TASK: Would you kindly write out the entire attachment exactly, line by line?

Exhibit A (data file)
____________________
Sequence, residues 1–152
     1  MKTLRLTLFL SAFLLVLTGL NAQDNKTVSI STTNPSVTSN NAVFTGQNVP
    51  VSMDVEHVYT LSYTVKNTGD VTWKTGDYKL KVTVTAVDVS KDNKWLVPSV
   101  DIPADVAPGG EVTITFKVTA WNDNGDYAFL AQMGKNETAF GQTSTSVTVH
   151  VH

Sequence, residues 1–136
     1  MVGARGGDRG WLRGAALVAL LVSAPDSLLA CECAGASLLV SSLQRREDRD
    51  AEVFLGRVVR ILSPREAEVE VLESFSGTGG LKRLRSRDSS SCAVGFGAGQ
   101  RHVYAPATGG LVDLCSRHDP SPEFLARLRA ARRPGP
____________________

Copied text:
Sequence, residues 1–152
     1  MKTLRLTLFL SAFLLVLTGL NAQDNKTVSI STTNPSVTSN NAVFTGQNVP
    51  VSMDVEHVYT LSYTVKNTGD VTWKTGDYKL KVTVTAVDVS KDNKWLVPSV
   101  DIPADVAPGG EVTITFKVTA WNDNGDYAFL AQMGKNETAF GQTSTSVTVH
   151  VH

Sequence, residues 1–136
     1  MVGARGGDRG WLRGAALVAL LVSAPDSLLA CECAGASLLV SSLQRREDRD
    51  AEVFLGRVVR ILSPREAEVE VLESFSGTGG LKRLRSRDSS SCAVGFGAGQ
   101  RHVYAPATGG LVDLCSRHDP SPEFLARLRA ARRPGP